Employee retention is important because it can help maintain a base of knowledge and skills throughout a company and may ultimately provide the best service to customers while maximizing productivity. Alternatively, constant turnover can lead to the disruption of operational and administrative processes within an organization. Replacing an employee can be expensive and result in loss of institutional knowledge. When managerial resources are shifted toward hiring and training new employees, other strategic company goals related to growth or improvement may be upended. Recognizing the benefits of improving employee retention strategies, including career advancement and development programs, can increase employee engagement and increase their happiness at work.

Why Do Employees Leave?

Losing a valuable employee can have a negative impact on the organization. Other employees may be required to pick up the extra work until a replacement is found, which can ripple into feelings of resentment and anxiety for staff. The departure may also spark uncertainty and doubt among other staff members regarding their own sense of security within the organization. There are many reasons for employee departures, and understanding why individuals leave is key to helping others stay. Chances are high that an exit interview may reveal one or more of the following concerns:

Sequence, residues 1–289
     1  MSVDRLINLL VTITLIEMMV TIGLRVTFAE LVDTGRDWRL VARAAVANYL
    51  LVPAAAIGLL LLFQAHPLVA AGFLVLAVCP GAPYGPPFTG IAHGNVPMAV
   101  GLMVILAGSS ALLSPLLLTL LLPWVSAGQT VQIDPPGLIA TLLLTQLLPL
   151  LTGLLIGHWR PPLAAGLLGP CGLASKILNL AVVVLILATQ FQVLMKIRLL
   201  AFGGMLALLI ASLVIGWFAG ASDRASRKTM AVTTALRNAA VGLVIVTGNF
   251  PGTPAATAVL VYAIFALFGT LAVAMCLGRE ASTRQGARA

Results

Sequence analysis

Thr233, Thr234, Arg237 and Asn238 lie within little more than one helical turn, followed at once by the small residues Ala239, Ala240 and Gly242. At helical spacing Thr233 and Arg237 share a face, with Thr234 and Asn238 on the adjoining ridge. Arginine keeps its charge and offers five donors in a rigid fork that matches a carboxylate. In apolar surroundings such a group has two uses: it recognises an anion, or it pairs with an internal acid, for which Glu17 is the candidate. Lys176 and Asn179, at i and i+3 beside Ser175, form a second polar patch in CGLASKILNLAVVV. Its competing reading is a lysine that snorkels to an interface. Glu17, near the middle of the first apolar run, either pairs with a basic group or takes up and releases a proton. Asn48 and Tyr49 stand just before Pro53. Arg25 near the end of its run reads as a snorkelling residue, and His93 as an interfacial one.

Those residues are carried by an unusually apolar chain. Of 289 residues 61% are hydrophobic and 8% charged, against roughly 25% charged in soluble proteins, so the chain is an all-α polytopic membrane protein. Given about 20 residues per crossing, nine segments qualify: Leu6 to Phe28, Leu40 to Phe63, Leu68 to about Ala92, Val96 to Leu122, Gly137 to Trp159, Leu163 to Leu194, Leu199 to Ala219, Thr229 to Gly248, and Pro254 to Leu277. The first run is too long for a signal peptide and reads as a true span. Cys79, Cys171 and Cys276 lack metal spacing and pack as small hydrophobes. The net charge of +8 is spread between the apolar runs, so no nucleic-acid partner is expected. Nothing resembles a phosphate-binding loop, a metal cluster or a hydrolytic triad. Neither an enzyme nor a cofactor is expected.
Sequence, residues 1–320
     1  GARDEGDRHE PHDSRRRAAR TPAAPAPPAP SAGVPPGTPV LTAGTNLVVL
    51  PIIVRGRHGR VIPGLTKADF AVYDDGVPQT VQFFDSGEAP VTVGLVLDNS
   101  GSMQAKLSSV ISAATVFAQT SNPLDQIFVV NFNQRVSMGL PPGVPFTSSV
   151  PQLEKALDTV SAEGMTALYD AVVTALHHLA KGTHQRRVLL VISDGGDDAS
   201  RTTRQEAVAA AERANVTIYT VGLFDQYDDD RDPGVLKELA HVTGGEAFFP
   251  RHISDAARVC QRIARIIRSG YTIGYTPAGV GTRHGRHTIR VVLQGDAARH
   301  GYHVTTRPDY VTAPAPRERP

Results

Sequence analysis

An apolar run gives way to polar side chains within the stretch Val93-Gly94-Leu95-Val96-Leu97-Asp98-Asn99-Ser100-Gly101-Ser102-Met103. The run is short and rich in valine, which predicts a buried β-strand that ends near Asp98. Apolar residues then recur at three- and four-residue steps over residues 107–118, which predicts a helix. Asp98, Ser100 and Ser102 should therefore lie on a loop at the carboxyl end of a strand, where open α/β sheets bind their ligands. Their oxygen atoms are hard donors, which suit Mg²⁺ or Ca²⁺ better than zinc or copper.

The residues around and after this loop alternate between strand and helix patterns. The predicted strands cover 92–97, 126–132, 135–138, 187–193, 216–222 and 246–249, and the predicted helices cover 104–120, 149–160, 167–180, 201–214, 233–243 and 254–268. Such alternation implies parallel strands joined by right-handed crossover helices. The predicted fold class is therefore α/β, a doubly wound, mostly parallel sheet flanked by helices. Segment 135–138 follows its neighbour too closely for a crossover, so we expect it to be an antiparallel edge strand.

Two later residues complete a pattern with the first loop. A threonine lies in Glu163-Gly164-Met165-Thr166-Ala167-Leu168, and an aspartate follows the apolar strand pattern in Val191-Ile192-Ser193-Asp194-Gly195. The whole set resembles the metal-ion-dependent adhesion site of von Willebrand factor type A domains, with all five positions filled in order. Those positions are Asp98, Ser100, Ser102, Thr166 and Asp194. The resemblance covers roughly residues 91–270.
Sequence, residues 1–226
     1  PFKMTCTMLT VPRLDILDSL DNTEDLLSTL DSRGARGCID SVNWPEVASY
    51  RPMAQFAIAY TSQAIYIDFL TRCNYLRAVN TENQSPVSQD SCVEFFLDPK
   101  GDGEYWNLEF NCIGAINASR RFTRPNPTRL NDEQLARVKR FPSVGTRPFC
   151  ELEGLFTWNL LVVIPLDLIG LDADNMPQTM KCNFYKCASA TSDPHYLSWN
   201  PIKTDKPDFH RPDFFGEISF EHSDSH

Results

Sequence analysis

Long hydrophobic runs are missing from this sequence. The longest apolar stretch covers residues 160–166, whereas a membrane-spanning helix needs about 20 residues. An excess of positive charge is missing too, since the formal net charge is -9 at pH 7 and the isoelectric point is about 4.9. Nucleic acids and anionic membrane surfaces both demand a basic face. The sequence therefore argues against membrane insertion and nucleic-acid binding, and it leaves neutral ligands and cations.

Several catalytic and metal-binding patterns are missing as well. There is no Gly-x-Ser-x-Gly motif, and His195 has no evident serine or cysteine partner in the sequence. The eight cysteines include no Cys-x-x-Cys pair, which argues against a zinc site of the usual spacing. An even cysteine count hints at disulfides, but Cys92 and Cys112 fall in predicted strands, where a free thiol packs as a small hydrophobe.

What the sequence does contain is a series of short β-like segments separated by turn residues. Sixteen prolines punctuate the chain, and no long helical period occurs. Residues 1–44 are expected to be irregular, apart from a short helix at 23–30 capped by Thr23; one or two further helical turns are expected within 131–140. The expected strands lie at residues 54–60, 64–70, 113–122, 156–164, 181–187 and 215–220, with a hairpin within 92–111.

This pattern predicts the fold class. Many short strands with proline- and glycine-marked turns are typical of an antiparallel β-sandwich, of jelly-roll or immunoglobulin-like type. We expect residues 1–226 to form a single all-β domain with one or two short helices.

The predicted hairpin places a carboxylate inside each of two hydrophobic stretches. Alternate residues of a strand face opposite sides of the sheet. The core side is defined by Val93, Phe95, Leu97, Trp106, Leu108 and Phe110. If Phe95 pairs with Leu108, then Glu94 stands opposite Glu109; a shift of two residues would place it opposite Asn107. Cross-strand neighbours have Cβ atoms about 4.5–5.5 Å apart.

• Lack of adequate employee benefits.
  • Stagnant wages or inadequate compensation.
  • Limited path forward for advancement and career growth.
  • Unhappiness with management or coworkers.
  • Feeling unappreciated and a lack of recognition.
  • Dissatisfaction with the company's health, direction, or culture.
  • Boredom, or feeling stuck or overlooked.
  • Job role isn't as expected.
  • Seeking an improved work-life balance.
  • Desire to make a change.

It's impossible to fully eliminate employee attrition, but you can encourage workers to stay by focusing on staff retention and its advantages.

What Are the 3 Rs of Employee Retention?